Repopulation of an evacuated area may be two or three cul-de-sacs or an entire subdivision. No matter how small, this must be planned carefully, even if it’s only for a few hours. Your customers may have damaged homes, knocked down fences and incomplete utility services, often without any fire scars to validate them. Planning is essential; be sure you know what elements are required before you and law enforcement agree on how and why to repopulate. Where structural loss has occurred, sending key staff with business cards from your jurisdiction to meet with the victims when they come home shows a real concern and assists them in the recovery phase, which is part of our jobs as well.

Operational periods must be planned for. If you’re unable to put the fire out quickly, you’ll need to plan for a 6–24 hour period to continue the attack. You can’t initial attack this fire to death. It needs coordination and future planning to quench it. Do you need to order a Type 2 or 3 incident management team? Who has the power to order this and who is authorized to sign a delegation of authority? Today is not the day to find out. Make sure you understand the right people for your department operations and emergency operation centers. They exist to support this extended attack, so mobilize them early.

Demobilization is another factor to consider during incident growth. As strange as this sounds, if you haven’t built a plan with reasonable time frames and objectives, you really shouldn’t place an order for more equipment. As confusing as this incident is, you’re responsible to craft a plan to manage both a wildfire and a series of structure fires at the same time. You should demobilize initial attack resources that are worn out, in excess or needed back home while the incident is still moving along. Your job is to get the right resource to the right location at the right time. Release what is unnecessary or isn’t working well based on your objectives. The problem of too many Type 1 engines and too few Type 3 engines needs to be adjusted quickly or your fire will continue to grow.

Take Command

Command presence is an art. Your voice inflection, organizational skills and command of resources will set the tone for the incident. If you sound unorganized and wishy-washy in your command, lack of respect for authority will often end up on the fireground. Build an effective and efficient ICS and follow unity of command as a rule. Radio discipline is yet another art. If you’re explaining tactics on the radio, you’ve missed your opportunity. Use the proper terms spelled out in the national incident management system; this is not the place to try out new ICS positions that don’t exist.

If you have an injury, workers’ compensation benefits are an issue when county and state lines are crossed. Your employees are still your employees no matter where they’re working. Remember: circumstances may be different for your career, seasonal and volunteer employees. You don’t want to surprise anyone on your team after a serious accident with a failure to cover a serious injury or death during this fire. Most firefighters don’t really understand how their benefits relate to these risks, and many chief officers don’t as well. Benefits are like an onion-you have to peel away layers to get deeper in order to really understand them. It’s best to understand the policies, available services and applicable laws that could be involved in an incident before unwanted injuries occur.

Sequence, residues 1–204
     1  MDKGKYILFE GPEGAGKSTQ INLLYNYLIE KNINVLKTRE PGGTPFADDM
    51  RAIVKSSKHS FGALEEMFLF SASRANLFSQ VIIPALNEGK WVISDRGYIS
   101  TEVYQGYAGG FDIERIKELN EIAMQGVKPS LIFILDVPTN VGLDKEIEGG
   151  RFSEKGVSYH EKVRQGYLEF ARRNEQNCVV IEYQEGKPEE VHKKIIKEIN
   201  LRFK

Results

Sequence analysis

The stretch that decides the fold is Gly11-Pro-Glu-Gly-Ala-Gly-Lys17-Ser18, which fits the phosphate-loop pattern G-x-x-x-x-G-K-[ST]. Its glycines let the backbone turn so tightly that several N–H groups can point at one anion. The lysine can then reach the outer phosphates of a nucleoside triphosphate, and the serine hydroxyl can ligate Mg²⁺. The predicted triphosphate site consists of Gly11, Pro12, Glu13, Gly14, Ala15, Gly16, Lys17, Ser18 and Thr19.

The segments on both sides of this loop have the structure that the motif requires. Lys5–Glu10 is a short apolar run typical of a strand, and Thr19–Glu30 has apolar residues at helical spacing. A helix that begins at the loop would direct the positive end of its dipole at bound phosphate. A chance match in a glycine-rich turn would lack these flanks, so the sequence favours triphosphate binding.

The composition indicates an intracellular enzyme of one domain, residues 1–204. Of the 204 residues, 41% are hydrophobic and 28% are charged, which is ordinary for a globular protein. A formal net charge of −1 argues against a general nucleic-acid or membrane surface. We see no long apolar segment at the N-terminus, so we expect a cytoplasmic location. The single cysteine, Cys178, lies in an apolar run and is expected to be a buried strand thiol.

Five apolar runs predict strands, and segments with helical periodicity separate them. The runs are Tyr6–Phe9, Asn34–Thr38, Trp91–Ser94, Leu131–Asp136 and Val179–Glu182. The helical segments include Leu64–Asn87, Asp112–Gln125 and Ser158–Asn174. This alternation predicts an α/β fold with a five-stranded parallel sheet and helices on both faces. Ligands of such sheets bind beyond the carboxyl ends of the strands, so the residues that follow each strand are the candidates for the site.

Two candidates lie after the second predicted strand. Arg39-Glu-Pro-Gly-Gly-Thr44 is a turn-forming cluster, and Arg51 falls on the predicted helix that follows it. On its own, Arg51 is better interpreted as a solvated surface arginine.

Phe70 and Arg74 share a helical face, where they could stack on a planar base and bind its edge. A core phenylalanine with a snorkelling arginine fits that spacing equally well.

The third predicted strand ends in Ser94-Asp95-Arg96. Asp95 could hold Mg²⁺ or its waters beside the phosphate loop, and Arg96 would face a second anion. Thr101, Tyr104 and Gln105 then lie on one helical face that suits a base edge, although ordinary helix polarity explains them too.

Additional Resources

There are great resources to assist you in preparation for this extended attack wildfire. Have you considered a community wildfire protection plan? This will rally key members of your community to discuss how to prevent and prepare for wildfires. Another great tool is the National Cohesive Wildland Fire Management Strategy. If you’re a WUI fire agency, it’s in your community’s best interest and common best practice to engage in reduction strategies before a fire begins.

After Action Reports (AARs) are also key in learning how we can become more effective and safer as firefighters. It’s imperative to encourage informal AARs at all levels before units are demobilized, because it will likely be impossible to get these units and members back together. Follow the outline in the IRPG; it’s simple, yet effective.

Welcome to the world of the extended attack. Maybe you hoped your efforts to establish a fire-adaptive community and resilient landscapes would have prevented this wildfire, but sometimes we still have to suppress and manage the 2% of fires that escape initial attack. Understand and use the tools and strategies outlined here, and make sure to get plans in place before the fire starts … because it will be too late this afternoon.